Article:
ThinkstockPhotos-98198393In the journey of healing, people must face their grief, find ways to stay connected to their loved ones and make a new life for themselves. “Grief is often very fluid. It’s huge for people to come to grips that their loved ones are no longer in their lives. They must lean into it, as uncomfortable as it is, rather than avoid it. They need to work through it and then gradually begin designing their life now.”

There’s a continuing connection with the relationships that were shared, explains Dawn. “Our loved ones can continue to influence our lives even though they aren’t here any longer. We can help folks understand how their loved ones are a big part of who they are and still can be in their lives but in a different way. This can be very healing.”

Engaging in new activities and staying social can help with healing. “Some may discover new skills or abilities or change career paths. We encourage people to find a social support network, whether that’s friendships, faith communities or volunteering with organizations like Suncoast Hospice. Volunteering can be such a great avenue that gives people a focus, connects them to others and builds a sense of purpose and meaning. This transition of deciding to carry on and really live is not something that develops right away; it usually happens around the one-year point.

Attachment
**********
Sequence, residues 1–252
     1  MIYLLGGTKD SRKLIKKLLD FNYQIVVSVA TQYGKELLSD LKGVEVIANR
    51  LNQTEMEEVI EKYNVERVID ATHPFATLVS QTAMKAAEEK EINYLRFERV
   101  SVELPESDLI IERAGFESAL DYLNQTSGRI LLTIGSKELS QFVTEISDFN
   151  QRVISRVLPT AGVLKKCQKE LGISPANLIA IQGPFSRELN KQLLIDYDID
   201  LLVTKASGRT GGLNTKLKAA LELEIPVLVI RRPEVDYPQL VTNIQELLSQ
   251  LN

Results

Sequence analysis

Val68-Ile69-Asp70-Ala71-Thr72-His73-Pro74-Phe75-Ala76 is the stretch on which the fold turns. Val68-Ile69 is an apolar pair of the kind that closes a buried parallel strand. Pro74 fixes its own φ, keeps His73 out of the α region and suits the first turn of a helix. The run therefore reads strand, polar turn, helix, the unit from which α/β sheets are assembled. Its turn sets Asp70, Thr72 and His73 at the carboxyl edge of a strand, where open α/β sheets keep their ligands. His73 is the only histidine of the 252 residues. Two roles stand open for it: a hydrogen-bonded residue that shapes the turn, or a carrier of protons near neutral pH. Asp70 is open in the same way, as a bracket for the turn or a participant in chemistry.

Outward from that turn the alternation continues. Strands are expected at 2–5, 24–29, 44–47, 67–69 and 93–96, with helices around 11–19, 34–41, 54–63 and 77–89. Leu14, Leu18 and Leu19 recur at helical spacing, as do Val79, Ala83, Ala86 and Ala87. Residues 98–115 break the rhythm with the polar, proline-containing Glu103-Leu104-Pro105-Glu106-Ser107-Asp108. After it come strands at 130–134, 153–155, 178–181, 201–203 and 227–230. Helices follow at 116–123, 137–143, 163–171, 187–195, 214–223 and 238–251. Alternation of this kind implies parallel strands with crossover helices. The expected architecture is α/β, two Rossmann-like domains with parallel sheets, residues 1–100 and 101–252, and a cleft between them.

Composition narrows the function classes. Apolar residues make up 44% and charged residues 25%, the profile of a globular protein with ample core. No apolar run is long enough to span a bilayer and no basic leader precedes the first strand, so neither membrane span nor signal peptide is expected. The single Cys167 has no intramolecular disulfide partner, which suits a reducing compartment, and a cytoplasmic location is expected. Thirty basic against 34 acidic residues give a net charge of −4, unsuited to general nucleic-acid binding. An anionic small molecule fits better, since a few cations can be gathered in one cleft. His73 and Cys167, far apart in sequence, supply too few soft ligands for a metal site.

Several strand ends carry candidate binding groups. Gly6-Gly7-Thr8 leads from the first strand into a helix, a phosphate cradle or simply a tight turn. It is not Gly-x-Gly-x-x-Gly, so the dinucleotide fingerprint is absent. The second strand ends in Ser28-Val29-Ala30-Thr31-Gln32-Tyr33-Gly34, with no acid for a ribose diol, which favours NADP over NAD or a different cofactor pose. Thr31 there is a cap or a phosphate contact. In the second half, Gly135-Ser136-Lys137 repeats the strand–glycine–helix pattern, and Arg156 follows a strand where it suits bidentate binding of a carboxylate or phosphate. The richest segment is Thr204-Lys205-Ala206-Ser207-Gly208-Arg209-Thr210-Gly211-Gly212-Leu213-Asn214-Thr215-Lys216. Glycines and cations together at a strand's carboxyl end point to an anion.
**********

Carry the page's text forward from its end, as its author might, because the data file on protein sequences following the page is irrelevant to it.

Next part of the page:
Staying physically active and participating in relaxing activities also can be helpful. “One primary activity that supports people in their grief is some form of exercise. It helps with the brain function, increases oxygen and blood flow, and is a mood elevator. Walking, riding a bike, swimming, yoga and Tai Chi are all good, especially because they focus on breathing and are reflective. Reading, listening to soothing music and journaling also are good to do. I’m a big advocate of writing. People don’t believe it but they really can discover more when they think and write about their feelings,” Dawn said.

Grief with Children and Adults